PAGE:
Paul Krugman may be a world-renowned economist, but his acumen on the subject of cryptocurrencies is way off base. After several attempts at bashing digital currencies using rationale that does nothing more than leave people scratching their heads, Krugman has shown to be nothing more than a spreader of FUD (fear, uncertainty and doubt) and completely void of any real understanding on the subject. He has previously tried to argue against crypto using the same boring anecdotes heard over and over—it has no real value, it is only good for illicit activities—but continuously ignores the fact that the same arguments can easily be said for fiat. Krugman is at it again, trying to disprove crypto’s merit as a global currency and, as usual, falls completely flat.
In a recent New York Times op-ed piece, Krug said that “transferring…a cryptocurrency unit requires providing a complete history of past transactions.” Crypto transactions are available for review—there are a number of blockchain explorers available to facilitate examination—but past history has no bearing on new transactions.
He also indicated that “…[You] need the digital equivalent of biting a gold coin to be sure it’s the real deal.” The verification is in the transaction, the same way a credit card verifies account balances when approving a purchase. To date, cryptocurrency transactions are still the most secure, most reliable type of transactions available.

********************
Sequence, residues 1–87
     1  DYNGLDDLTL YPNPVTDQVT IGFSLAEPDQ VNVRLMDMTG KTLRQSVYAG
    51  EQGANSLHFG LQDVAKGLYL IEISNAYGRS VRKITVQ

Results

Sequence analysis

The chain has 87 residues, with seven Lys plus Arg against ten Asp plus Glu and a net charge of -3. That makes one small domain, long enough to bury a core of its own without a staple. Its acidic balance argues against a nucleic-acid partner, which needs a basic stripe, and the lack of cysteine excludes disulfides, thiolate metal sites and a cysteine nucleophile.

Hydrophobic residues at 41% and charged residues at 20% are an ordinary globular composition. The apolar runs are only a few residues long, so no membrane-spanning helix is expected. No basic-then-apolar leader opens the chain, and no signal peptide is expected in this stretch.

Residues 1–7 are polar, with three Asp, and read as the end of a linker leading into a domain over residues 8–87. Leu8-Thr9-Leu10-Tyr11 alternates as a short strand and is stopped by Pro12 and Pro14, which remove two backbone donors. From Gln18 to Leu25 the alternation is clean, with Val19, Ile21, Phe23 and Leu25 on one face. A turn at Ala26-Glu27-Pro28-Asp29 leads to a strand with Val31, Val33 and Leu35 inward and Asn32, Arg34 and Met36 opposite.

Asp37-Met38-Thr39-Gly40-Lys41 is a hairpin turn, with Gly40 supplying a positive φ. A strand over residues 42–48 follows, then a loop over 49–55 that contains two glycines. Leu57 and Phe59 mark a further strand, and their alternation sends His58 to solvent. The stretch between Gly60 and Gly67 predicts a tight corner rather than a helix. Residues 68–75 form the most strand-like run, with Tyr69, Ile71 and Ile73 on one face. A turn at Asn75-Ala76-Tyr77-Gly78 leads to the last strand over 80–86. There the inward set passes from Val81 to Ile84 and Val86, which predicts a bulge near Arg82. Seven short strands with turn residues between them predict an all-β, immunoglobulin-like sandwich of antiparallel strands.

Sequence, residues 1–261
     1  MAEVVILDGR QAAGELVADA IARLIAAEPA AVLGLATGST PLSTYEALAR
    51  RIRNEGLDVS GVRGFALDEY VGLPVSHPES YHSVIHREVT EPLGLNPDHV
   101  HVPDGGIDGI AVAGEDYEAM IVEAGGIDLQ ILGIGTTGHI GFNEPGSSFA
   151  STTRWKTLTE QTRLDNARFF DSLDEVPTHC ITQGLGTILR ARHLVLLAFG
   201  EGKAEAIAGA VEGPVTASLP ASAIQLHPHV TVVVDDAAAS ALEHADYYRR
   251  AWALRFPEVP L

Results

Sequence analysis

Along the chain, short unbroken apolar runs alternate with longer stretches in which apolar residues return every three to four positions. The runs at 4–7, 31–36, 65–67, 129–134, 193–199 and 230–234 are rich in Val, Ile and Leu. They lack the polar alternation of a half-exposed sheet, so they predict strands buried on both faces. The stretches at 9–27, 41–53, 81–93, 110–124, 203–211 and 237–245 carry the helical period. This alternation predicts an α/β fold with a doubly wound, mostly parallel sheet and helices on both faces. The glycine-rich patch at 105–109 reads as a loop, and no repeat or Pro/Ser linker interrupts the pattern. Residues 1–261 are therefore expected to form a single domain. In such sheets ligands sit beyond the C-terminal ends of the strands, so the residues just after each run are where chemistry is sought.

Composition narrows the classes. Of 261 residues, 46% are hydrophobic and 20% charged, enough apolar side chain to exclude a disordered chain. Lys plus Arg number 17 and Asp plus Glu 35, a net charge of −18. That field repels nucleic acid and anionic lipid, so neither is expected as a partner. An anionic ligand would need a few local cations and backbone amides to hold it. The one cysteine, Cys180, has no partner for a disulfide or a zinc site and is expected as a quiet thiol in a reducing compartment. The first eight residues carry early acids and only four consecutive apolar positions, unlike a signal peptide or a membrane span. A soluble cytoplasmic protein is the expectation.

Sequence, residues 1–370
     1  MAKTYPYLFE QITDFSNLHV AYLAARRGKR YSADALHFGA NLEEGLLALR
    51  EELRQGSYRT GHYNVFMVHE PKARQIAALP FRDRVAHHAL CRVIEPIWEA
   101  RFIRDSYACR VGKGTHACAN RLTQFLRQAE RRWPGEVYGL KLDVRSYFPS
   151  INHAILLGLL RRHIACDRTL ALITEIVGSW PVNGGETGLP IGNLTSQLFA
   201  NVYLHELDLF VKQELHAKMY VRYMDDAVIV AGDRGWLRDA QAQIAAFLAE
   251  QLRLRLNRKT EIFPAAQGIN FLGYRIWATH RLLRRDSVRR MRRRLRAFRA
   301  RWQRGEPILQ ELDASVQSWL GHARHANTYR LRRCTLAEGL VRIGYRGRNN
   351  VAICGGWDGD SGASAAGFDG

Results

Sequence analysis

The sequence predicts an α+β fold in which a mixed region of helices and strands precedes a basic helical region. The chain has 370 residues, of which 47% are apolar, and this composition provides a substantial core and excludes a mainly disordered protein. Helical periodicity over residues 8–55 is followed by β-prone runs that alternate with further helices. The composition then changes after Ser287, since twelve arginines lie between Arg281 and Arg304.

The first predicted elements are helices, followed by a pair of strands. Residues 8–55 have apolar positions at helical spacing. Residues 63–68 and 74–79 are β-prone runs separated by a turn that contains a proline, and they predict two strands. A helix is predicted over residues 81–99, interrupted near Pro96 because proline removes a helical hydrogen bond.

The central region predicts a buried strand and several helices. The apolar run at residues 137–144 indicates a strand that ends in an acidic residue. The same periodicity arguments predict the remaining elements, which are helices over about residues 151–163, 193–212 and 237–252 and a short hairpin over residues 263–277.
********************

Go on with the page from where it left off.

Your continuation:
Krug then attempted to show how irrelevant crypto would be if crypto enthusiasts suddenly got cold feet, noting, “If speculators were to have a collective moment of doubt, suddenly fearing that Bitcoins were worthless, well, Bitcoins would become worthless.” In more than one collective moments of doubt, fiat economies have suffered tremendously because of sudden and massive withdrawals of cash from banks. Worse yet, governments have forced economies into the gutter due to a number of reasons, an example of which we can see today in Venezuela.
The economist has a history of being wrong on world-changing innovation. In 1998, Krugman said, “By 2005 or so, it will become clear that the Internet’s impact on the economy has been no greater than the fax machine’s.” Au contraire, mon ami. No one could argue against the important role the Internet plays in propelling economies—both regional and global—today.
We get it. Traditional finance stalwarts have a hard time dealing with change, as has been the case with supporters of virtually every major advancement throughout history. In an effort to maintain their level in the food chain, the supporters begin grasping at straws, looking for any reason to knock the competition down. However, all they’re doing, in reality, is furthering the expansion of whatever industry they want to suppress, creating more awareness and more acceptance.
No matter how hard some may try to desperately cling to the past, the future is always going to prevail. In this case, the future is cryptocurrency.
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